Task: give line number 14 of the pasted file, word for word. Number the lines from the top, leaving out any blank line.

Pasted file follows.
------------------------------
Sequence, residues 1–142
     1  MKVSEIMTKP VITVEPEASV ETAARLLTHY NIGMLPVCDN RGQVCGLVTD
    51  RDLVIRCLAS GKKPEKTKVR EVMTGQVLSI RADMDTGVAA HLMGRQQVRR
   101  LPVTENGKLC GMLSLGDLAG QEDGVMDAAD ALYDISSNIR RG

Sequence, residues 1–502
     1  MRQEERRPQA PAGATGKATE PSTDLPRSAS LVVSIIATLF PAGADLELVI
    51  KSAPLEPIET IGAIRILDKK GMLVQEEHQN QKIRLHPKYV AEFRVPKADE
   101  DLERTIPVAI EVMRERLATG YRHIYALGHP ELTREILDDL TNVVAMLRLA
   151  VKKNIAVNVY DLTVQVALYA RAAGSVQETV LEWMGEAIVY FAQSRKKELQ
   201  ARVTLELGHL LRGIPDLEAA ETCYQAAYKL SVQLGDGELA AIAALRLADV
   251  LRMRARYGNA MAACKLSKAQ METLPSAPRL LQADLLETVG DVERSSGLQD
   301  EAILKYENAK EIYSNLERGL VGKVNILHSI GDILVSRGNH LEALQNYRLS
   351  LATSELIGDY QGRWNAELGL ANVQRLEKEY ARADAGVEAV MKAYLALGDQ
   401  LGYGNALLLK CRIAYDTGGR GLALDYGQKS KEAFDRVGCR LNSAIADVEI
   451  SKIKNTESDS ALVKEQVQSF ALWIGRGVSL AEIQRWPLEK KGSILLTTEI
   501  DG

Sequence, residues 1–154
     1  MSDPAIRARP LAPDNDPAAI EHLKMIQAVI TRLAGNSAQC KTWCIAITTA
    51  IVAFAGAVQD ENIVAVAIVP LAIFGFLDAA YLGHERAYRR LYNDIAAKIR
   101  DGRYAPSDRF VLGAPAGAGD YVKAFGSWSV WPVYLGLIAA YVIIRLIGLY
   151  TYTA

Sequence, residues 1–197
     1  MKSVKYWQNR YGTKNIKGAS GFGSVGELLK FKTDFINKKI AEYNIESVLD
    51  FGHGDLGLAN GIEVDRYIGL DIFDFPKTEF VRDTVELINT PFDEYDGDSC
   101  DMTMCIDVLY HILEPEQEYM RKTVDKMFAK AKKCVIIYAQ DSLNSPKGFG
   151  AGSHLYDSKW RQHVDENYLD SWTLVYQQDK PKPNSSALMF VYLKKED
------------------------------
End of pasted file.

   401  LGYGNALLLK CRIAYDTGGR GLALDYGQKS KEAFDRVGCR LNSAIADVEI